As a water resource engineer, I have an opportunity to work on a diverse range of projects and wear many different hats.
Most of my time is spent in the hydraulic modeling realm, assessing current performance of systems and proposing improvements while incorporating the constraints of the project — which can be significant in some cases. Other times I get to use my hydraulic knowledge and experience to inform processes and procedures for larger, state-wide assessments to evaluate damage from a plethora of different mechanisms. I am also responsible for designing drainage systems that meet the goals of the project and help protect communities from flooding and other water-related hazards.
My passion for water resources started in college when I assisted an academic research team in wetland monitoring and vegetation studies. I knew then that I wanted to do something water-related, and so I moved from academia to consulting where I learned more about hydraulic modeling, drainage design, protecting natural water bodies and so much more.
While I am no longer in the field daily, I know my work helps protect the natural systems I grew to care for years ago, and by working at WSP I get to both continue this purpose and find new avenues to help communities near and far.
Serving Communities Through Water
Through our on-call contract with the City of Raleigh, WSP was awarded the Glenbrook-Dacian Stormwater Improvements project. The improvement project includes an evaluation of the existing system and the subsequent design for drainage improvements.
This project is not only important to improve the drainage network and surrounding natural systems, but as a local project for our office, it is an opportunity for us to serve the best interests of our own community. Located in a historically lower income part of town, these improvements aim to reduce flooding hazards and improve the environment for a marginalized group of citizens.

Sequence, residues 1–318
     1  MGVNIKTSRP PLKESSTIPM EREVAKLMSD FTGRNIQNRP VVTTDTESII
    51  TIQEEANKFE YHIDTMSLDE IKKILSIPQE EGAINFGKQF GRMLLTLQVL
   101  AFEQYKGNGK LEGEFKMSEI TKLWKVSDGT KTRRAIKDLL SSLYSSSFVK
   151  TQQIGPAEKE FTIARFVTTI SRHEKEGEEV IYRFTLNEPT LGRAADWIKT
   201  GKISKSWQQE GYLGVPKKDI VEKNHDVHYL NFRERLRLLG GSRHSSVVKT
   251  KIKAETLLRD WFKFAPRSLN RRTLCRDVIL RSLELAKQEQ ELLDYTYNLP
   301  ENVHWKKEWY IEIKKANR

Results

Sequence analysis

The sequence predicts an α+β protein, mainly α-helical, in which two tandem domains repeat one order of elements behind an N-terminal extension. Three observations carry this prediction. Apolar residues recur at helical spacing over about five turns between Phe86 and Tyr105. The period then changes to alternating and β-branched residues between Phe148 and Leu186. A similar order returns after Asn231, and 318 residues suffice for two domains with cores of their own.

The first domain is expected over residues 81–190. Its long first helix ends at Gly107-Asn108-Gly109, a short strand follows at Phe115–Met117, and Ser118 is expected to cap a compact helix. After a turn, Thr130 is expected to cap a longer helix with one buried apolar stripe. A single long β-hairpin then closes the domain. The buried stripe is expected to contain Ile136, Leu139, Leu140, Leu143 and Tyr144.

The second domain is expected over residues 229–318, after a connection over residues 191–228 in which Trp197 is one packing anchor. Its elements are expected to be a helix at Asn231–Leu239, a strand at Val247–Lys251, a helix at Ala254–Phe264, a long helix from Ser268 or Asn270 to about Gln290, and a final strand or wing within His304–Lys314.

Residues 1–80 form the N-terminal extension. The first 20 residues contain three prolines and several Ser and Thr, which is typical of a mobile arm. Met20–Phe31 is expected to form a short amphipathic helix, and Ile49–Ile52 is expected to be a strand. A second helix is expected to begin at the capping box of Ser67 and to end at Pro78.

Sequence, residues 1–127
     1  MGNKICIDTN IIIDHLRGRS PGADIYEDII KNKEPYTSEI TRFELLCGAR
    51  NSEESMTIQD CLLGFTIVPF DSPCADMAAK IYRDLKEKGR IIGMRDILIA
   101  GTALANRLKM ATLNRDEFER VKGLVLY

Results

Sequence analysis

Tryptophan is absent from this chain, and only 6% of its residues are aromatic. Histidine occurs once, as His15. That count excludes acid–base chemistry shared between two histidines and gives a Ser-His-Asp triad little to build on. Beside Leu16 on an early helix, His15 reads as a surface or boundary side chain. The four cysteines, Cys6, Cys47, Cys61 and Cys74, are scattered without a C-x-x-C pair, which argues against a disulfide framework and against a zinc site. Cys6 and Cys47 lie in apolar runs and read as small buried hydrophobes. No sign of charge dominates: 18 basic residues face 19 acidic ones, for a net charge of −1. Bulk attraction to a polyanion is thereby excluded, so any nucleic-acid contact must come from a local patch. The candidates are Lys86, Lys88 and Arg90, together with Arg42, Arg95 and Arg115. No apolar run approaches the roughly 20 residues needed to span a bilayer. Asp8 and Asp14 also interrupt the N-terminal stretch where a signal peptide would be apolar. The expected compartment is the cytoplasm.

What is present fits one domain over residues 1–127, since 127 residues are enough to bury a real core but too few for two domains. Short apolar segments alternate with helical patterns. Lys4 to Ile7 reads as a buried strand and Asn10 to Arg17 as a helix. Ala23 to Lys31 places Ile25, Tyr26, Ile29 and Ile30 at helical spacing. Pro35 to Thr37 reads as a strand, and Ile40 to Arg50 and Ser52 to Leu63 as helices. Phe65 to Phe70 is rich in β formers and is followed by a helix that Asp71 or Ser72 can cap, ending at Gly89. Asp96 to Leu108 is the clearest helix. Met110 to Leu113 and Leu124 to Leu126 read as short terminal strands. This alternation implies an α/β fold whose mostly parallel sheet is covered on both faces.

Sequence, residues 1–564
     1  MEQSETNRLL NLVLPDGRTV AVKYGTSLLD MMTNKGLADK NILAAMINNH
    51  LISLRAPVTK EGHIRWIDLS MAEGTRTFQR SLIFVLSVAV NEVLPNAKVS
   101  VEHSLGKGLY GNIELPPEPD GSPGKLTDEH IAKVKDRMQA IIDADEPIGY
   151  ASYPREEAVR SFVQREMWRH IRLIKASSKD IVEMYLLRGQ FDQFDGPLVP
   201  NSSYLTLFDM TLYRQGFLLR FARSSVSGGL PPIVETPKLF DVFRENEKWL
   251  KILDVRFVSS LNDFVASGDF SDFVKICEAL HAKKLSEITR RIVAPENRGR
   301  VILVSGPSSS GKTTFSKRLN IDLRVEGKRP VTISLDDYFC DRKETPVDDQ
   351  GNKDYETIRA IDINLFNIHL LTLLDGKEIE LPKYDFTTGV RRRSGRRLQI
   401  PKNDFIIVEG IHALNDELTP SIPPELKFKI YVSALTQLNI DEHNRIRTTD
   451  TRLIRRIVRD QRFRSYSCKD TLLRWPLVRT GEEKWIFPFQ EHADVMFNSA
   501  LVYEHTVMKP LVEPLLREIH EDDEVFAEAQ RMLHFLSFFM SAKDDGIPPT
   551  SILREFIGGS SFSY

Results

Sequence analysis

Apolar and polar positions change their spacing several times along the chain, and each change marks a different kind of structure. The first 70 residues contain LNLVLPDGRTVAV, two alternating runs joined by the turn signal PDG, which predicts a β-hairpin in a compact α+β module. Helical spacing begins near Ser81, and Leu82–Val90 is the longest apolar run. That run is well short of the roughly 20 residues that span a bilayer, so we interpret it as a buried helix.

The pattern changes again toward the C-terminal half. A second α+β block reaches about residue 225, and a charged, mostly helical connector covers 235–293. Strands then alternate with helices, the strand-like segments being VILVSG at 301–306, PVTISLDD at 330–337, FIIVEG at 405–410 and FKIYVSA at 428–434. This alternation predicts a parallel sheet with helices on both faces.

I am responsible for leading the hydraulic modeling effort and ensuring that we are evaluating the system holistically, and the results of the modeling effort will then inform the design of the improvements that will mitigate flooding impacts to the community.
As one of the project’s water resources engineers, I am honored to be able to serve my community the best way I can – through management of stormwater.
Little Indian Creek
I also had the opportunity be part of the Caltrans Pilot Climate Change Assessment of Little Indian Creek in California, a project that is a prime example of WSP’s commitment to help its clients develop into Future Ready® organizations.
This project not only incorporated climate change projections into the infrastructure decision-making process, but also included considerations for snow melt and wildfires. Our client wanted to incorporate these additional considerations in the infrastructure improvements to respond to our changing world.
Our climate projections considered a wide span of future possibilities, from warm and dry climates all the way to cool and wet … and everything in between. Our future is unknown, so we wanted to capture all the possibilities that we could over the next one hundred years.
Additionally, our evaluation looked at the effects of snowmelt as the climate changes.
In the winter, snowmelt is a significant contributor to flooding in the Sierra Nevada mountains, where our project was located. We evaluated a wide range of temperature and snowpack conditions and summarized the results in terms of peak flows.
Wildfire also significantly impacts flood and debris flows within the watershed and was another crucial part of the study. The influence of wildfire and degree of burn was incorporated into the watershed modeling and the results of the peak flows were evaluated and summarized, similar to the methods we used to analyze snow melt.
By bringing all our data together, we were able to evaluate current and future flow results from the watershed for a plethora of climate-related variables. This flow summary was used in the hydraulic evaluation of the existing infrastructure and the proposed improvements. The proposed improvements included alternatives to bring the existing infrastructure up to the current standard of design as well as increase it to account for flow increases in the coming years.
It is our hope that this project can serve as a template for other mountainous watershed and infrastructure climate assessment studies.
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